Right Now | Jupiter’s Eye
The Great Red Enigma
Jupiter’s Great Red Spot is hard to overlook. Prominently displayed on every poster of the solar system, that churning storm has been visible for hundreds of years, possibly as early as the seventeenth century, when Giovanni Cassini and Robert Hooke reported a persistent spot on the planet’s surface. When Donato Creti painted stargazers consulting charts and looking up into the night sky in 1711, he highlighted Jupiter hanging above them, enormously magnified and almost glowing, sporting three bright moons and that big, red dot.
Yet the processes that gave rise to the storm and have kept it spinning all this time are still a bit mysterious. “There’s something truly extraordinary about the Great Red Spot,” says Mallinckrodt professor of geophysics Jeremy Bloxham of the department of earth and planetary sciences. “It’s existed for hundreds of years, and there’s only one.” In a new paper in Science Advances, Bloxham and his coauthors Rakesh Yadav, also at Harvard, and Moritz Heimpel of the University of Alberta, have presented a model showing how such large storms might arise—though they still cannot fully explain the spot’s peculiar persistence.
Yadav, a research associate in Bloxham’s group, says other explanations of the patterns on the gas planet’s surface tend to focus on the fluid dynamics of its top few hundred kilometers. Jupiter has no firm surface to speak of—its gases simply grow denser and are under greater pressure the closer they are to its core. But models often propose that storms (Jupiter has many) form in the uppermost layer. “It’s pretty natural to assume that they are…quite similar to what happens on Earth,” he explains. “Earth has a thin atmosphere lying on top of its surface, and we see storms and hurricanes there.”
But observations made by the Juno spacecraft orbiting the planet suggest a different state of affairs. Bloxham and other colleagues studying results from that mission, reported in 2018, noted that some of the jet streams—bands of circulating gas that wind around the planet like ribbons—seem to be structures thousands, not hundreds, of kilometers deep. That raised the question: could the storms be more than skin-deep, too?
The circulating fluids within gas giants generate their own magnetic fields as the planets rotate, which could contribute to the formation of those jet-stream structures. The researchers therefore created computer simulations representing the outer thousand or more kilometers of such a planet, deep enough that the influence of these circulating fluids could be modeled. Then they let the simulations evolve for weeks or months to see if storms would be generated.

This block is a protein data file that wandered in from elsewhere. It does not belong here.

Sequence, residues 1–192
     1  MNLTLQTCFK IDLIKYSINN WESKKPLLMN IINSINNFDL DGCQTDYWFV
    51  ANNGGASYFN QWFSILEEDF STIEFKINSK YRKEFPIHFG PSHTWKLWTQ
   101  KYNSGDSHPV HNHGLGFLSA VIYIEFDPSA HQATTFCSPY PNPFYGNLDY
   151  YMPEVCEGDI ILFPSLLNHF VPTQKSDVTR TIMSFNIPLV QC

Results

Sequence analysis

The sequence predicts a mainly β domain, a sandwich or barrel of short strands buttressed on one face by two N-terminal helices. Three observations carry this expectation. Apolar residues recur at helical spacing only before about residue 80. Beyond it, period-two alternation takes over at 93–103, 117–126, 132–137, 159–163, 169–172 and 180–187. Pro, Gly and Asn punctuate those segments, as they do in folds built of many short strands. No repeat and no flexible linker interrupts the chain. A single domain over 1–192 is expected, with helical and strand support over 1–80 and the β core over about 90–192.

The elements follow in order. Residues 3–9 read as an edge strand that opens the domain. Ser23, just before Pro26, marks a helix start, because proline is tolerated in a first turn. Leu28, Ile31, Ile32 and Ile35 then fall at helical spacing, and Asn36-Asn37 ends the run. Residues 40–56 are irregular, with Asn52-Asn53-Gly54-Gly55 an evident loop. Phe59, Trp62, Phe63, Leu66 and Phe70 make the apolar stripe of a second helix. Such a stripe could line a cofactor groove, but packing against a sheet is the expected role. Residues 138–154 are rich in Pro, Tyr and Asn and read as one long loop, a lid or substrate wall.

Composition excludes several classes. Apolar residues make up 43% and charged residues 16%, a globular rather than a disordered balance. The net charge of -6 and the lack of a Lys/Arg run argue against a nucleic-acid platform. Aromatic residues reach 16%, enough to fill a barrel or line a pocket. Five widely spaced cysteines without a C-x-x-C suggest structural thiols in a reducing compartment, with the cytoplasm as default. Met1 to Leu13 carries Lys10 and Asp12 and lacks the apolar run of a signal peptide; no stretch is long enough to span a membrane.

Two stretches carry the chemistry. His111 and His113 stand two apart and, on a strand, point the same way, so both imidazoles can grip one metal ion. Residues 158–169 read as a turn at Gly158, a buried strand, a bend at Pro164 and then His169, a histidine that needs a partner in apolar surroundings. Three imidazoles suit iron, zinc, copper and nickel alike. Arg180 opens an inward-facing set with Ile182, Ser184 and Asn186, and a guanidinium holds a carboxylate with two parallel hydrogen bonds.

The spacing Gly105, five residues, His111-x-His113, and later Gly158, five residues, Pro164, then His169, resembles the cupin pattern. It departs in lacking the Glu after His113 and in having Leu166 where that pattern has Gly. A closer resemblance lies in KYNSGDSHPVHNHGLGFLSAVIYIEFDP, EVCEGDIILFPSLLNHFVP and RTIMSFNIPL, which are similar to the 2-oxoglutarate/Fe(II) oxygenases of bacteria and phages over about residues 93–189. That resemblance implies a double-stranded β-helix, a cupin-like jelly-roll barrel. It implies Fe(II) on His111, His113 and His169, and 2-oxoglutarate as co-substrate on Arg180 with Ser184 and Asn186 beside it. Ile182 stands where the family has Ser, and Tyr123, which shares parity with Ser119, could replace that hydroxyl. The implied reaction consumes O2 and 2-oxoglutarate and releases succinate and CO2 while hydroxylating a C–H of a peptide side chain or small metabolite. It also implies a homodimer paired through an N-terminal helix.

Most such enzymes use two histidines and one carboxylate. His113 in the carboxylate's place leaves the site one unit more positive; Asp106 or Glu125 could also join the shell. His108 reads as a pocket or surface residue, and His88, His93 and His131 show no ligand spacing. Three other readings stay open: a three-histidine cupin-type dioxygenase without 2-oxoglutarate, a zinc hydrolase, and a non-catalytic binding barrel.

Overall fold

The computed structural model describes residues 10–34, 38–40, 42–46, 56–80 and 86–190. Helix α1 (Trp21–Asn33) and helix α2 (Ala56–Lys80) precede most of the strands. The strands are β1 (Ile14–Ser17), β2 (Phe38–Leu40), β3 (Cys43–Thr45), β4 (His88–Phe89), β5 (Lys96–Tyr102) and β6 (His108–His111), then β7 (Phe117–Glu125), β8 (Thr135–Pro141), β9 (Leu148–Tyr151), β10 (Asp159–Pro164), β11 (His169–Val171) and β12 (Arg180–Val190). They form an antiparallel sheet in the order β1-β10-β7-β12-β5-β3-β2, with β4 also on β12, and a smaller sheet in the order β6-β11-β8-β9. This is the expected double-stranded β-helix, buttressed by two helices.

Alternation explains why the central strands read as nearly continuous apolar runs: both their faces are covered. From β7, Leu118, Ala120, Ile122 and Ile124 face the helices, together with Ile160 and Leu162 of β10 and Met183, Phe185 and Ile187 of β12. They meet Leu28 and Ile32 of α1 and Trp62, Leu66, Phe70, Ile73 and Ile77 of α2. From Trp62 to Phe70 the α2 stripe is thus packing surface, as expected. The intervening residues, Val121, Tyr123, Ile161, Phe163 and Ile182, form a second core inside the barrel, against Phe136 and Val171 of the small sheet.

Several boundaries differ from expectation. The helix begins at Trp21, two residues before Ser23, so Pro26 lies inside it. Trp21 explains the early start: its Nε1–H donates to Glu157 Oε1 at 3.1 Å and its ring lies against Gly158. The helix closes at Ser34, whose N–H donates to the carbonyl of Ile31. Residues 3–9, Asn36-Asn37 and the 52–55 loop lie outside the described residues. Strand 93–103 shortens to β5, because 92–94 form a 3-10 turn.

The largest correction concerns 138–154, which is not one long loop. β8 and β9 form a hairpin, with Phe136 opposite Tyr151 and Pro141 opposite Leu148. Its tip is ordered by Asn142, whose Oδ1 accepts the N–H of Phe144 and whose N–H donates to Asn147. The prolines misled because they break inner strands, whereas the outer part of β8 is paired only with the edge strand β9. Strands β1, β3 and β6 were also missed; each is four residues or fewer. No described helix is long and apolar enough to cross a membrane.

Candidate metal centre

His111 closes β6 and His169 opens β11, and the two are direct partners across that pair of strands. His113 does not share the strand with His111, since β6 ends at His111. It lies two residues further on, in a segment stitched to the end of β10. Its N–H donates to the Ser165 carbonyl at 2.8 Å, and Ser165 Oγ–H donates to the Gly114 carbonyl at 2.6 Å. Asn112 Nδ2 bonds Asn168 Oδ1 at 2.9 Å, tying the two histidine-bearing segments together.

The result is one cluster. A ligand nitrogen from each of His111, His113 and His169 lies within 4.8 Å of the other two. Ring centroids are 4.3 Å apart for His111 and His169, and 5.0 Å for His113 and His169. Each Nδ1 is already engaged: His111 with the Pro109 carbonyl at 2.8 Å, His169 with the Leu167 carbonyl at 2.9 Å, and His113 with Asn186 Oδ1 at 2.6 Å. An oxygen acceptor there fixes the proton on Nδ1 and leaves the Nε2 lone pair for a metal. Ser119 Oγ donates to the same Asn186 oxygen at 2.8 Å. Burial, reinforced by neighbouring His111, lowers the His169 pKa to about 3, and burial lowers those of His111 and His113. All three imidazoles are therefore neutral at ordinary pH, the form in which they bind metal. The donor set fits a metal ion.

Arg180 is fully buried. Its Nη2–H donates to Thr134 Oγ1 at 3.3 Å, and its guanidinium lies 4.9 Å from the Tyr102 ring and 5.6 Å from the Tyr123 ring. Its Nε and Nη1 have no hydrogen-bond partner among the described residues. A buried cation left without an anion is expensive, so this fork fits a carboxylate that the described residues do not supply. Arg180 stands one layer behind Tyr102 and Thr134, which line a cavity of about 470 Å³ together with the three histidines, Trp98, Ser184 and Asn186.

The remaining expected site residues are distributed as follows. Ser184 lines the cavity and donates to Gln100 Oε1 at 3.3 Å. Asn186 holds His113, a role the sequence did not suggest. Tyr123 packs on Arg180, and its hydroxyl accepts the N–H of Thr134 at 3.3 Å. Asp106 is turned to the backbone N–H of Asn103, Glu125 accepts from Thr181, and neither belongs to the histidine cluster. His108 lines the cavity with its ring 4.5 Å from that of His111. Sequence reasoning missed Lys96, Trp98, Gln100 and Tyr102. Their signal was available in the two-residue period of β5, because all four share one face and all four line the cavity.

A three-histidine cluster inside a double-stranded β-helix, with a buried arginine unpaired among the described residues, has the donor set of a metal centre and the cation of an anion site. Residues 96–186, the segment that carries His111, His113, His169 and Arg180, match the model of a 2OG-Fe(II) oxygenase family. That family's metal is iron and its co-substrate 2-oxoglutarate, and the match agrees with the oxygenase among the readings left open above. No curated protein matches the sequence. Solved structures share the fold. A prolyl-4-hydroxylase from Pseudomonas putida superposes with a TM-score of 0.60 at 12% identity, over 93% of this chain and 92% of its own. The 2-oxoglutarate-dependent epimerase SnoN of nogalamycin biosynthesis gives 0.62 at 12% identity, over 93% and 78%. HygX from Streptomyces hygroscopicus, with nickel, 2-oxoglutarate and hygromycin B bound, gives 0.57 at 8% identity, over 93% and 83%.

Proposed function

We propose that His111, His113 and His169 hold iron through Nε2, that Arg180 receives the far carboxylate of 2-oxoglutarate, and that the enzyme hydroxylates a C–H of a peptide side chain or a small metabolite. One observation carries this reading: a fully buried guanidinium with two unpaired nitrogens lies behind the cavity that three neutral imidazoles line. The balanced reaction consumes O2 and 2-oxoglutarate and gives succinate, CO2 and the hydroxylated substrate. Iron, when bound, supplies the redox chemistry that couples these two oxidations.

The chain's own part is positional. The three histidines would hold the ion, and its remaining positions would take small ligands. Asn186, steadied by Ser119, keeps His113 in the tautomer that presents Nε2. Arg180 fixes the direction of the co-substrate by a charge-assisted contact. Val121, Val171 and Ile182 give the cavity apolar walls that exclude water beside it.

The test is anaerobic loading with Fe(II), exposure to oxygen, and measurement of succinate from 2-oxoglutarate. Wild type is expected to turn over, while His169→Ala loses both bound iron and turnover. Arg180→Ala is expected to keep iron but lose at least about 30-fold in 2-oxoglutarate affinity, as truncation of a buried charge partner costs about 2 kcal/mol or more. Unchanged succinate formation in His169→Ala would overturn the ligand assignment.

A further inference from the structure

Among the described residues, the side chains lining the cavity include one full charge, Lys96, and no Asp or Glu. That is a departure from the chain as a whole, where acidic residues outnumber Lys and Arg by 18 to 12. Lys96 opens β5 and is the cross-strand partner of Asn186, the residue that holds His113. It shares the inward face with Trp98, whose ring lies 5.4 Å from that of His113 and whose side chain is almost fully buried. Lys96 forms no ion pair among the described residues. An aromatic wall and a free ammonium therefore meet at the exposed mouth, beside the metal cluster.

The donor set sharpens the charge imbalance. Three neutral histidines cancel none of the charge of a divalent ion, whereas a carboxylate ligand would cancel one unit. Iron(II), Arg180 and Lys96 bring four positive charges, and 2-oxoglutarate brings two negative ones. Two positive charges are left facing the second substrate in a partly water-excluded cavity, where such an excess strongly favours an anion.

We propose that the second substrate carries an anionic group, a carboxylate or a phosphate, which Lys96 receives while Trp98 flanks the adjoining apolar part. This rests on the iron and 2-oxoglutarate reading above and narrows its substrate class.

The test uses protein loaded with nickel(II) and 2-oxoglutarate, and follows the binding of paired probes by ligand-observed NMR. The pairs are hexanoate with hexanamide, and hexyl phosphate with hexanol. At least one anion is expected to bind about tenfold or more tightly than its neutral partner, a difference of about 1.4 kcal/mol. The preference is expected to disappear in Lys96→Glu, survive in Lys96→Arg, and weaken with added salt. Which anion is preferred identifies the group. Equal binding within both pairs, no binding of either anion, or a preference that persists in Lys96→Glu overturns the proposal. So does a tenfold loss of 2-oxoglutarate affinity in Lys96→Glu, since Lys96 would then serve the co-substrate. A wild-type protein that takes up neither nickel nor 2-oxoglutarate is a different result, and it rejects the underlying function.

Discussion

One version of the model, with an atmosphere on the thinner side, soon created nearly a hundred storms. “It was just breathtaking to watch them,” Yadav reports, “because they almost look like things happening on Jupiter.” On the real planet, storms can swirl past each other, and may even merge, so that if one is going clockwise and the other counterclockwise, their winds cancel each other out. Where there were once two spinning vortices, there is an island of calm. “It was striking to see the same thing happening in the simulation,” he adds.
A version simulating conditions within a thicker and much deeper atmosphere produced something stranger still. There weren’t as many storms, but those that did appear were enormous. “We were quite surprised by the sheer size,” Yadav says. “When you see such a large storm, the first thing that comes to mind is the Great Red Spot.”
The fact that it has been tricky to get such large storms to arise in shallower simulations, he explains, buttresses the Bloxham group’s suggestion that the deeper levels of the planet may have an important role to play in what is seen on the surface.
But whatever is keeping the Great Red Spot going isn’t at work even in this model. The simulated storms have a lifetime of about 20 rotations of the planet—a blink of an eye compared to Jupiter’s persistent monstrosity.
The simulated storms may last longer in the future, when the computer power available for such modeling has increased, Bloxham explains. One important caveat of the new paper’s findings is that the fluids used in the models are much more viscous than those that swirl within Jupiter, which makes them easier to work with. They are more like honey than water, so their movements are more languid and less costly to simulate. Thinner fluid, once spinning in a vortex, would be less prone to slowing down.
As the Juno mission continues, more data about how Jupiter’s magnetic field affects the flows in its upper layers may well emerge. “I think with almost every planetary mission, people go off with one set of expectations of what they’re going to see, and invariably you see something different,” Bloxham points out. “It just shows us how little we understand what’s going on in our own solar system.”